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AChems Press Release

Association for Chemoreception Sciences (AChemS): Fostering Research and Understanding of the Chemical Senses in Health and Disease & World Smell and Taste Day

Media Contact:
Dr. Martha Bajec, Chair - Public Information & Affairs Committee, martha.bajec@gmail.com

TORONTO, November 15, 2021 - Across 5 days in April (19-23) scientists from around the world gathered virtually to present and discuss new information on the role of the chemical senses in disease, nutrition, and social interactions in humans and animals. The 43rd annual AChemS meeting welcomed scientists from around the world to present their latest research findings on myriad topics around chemosensation, ranging from molecular mechanisms through cognitive processes and associated behaviors. Globally, thousands of people experience loss or dysfunction of the chemical senses (olfaction (smell), gustation (taste), and chemesthesis (touch, temperature, irritation)) each year resulting from head trauma, sinus disease, cancer, and neurological disorders, such as stroke, multiple sclerosis, and Alzheimer's disease, among others. Most recently, loss of smell and/or taste has presented as a troubling symptom of the severe acute respiratory syndrome coronavirus 2 (SARS-CoV-2), which has infected millions globally. By providing a better understanding of the function of chemosensory systems, scientific and biomedical research is leading to improvements in the diagnosis and treatment of many disorders.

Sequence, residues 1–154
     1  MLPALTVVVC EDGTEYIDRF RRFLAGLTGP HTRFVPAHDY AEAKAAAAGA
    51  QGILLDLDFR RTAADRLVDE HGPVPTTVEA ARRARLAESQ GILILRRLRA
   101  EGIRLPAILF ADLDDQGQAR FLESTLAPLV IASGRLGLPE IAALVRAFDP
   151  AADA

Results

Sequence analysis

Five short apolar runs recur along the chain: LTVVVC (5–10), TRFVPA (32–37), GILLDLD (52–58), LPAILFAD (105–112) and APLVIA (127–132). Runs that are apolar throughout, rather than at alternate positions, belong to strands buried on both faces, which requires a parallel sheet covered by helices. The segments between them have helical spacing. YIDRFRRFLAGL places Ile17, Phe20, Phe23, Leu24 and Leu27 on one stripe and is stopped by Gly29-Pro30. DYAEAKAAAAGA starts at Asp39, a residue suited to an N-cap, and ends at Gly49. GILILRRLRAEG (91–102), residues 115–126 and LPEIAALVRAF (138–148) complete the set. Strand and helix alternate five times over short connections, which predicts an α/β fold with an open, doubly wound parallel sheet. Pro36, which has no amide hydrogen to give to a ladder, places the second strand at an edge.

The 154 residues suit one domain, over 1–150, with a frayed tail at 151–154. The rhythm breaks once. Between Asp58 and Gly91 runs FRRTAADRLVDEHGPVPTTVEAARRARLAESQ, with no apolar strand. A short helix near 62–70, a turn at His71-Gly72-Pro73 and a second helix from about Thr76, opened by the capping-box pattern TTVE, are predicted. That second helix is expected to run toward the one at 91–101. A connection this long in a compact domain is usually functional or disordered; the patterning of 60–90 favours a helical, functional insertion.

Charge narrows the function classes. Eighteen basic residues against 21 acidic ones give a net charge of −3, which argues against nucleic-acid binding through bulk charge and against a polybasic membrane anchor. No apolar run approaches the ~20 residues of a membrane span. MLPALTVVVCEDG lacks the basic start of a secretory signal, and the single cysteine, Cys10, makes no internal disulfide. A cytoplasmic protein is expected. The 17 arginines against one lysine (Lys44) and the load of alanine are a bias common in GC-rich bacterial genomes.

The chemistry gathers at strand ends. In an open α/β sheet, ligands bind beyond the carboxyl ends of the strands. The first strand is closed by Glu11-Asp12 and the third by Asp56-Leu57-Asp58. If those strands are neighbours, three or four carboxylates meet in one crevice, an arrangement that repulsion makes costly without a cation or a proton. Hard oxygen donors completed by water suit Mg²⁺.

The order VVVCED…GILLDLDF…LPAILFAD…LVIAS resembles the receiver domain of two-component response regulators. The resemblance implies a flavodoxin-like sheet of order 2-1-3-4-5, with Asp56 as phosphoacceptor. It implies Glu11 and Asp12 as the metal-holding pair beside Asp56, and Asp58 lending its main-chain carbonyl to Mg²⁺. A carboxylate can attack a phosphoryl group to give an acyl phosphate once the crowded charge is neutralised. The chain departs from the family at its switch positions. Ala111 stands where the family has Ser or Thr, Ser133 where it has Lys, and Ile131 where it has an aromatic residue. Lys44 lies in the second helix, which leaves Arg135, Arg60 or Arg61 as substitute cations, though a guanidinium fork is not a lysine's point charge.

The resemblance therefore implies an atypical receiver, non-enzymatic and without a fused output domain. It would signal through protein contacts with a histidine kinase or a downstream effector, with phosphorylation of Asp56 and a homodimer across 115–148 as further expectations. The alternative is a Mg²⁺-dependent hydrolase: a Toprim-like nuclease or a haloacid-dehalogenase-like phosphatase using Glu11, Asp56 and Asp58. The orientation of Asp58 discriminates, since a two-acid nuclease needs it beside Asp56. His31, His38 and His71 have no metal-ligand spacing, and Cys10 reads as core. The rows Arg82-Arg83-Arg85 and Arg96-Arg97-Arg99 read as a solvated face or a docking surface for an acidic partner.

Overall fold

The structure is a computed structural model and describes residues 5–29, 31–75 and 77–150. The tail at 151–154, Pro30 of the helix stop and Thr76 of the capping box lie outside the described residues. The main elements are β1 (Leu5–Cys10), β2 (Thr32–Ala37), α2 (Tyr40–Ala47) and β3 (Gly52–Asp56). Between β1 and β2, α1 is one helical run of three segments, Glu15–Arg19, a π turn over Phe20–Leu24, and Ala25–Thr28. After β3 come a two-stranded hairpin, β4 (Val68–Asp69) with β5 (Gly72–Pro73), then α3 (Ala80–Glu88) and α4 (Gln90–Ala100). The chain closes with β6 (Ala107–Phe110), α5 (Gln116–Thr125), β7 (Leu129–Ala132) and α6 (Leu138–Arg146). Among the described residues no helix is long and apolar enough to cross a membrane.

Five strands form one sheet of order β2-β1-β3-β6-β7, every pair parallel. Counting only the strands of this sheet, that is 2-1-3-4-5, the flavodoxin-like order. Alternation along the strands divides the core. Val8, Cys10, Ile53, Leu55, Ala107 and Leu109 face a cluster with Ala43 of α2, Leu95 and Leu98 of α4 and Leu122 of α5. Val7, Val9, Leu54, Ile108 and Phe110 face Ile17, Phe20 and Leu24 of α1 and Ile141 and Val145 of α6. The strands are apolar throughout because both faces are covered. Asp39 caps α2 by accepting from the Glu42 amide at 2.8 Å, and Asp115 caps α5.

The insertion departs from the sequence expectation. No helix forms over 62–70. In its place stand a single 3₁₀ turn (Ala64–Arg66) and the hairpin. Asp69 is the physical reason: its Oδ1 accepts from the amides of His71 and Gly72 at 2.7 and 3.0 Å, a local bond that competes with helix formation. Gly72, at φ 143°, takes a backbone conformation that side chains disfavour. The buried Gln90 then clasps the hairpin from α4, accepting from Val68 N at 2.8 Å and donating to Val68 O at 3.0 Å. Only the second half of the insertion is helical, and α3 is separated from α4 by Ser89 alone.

Press Abstracts

Selected new discoveries presented at the meeting include:

  • AChemS Founder Max Mozell: A Lifetime of Sniffing Out Answers about the Sense of Smell
    Contact: Theresa White, +1(315)445-4340, whitetl@lemoyne.edu
  • Some people’s saliva made better emulsions with stronger taste
    Contact: Li-Chu Huang, +1(765)494-2282, huan1472@purdue.edu
  • Adult taste neuron structure changes quickly over time, but this remodeling is restricted to the inside of taste buds
    Contact: Zachary Whiddon, +1(734)709-7523, z0whid01@louisville.edu
  • Chemosensory Dysfunction in COVID-19: Behavioral and Neurobiological Factors
    Contact: Shima T. Moein, +98(912)204-1796, sh.talehy@gmail.com
  • Exciting the Neurons of the Olfactory Bulb Can Prevent Obesity
    Contact: Louis Kolling, +1(850)363-8121, ljc16b@my.fsu.edu
  • Development of flavor perception in kids
    Contact: Sarah Colbert, +1(336)452-0239, scolbert@wakehealth.edu
  • Modulation of the odor response by irritants
    Contact: Federica Genovese,+1(267)519-4847, fgenovese@monell.org
  • Interspecific chemosensory communication of emotions: Reciprocal recognition of fear and non-fear body odour between humans and horses
    Contact: Agnieszka Sabiniewicz, +48(513)138-302, a.sabiniewicz@gmail.com
  • Cats love some plants
    Contact: Masao Miyazaki, +81(19)621-6154, mmasao@iwate-u.ac.jp
  • Effects on Growth of Smell and Taste of Milk During Tube Feeding of Preterm Infants
    Contact: Friederike Beker, +61(481)54-1286, friederike.beker@mater.org.au
  • Identifying odors by name is difficult, but some people are better odor namers than others (and some odors are easier to name)
    Contact: Sarah Cormiea, +1(617)302-0009, sarah.cormiea@gmail.com

Additionally, together with clinicians and researchers, members of the AChemS community hosted the inaugural World Taste & Smell Day on September 14th, 2021.

World Taste & Smell Day is a celebration of taste and smell intended to promote awareness, understanding, and appreciation of these essential, yet often neglected, senses. This virtual event also uniquely acted as both a forum for interpersonal support and a clinical resource to the many experiencing taste and/or smell dysfunctions from COVID-19 or other causes.

Highlights from this year’s event and information on next year’s World Smell & Taste Day are available at https://www.tasteandsmell.world/ or by contacting Kareen Kreeger at kkreeger@monell.org.

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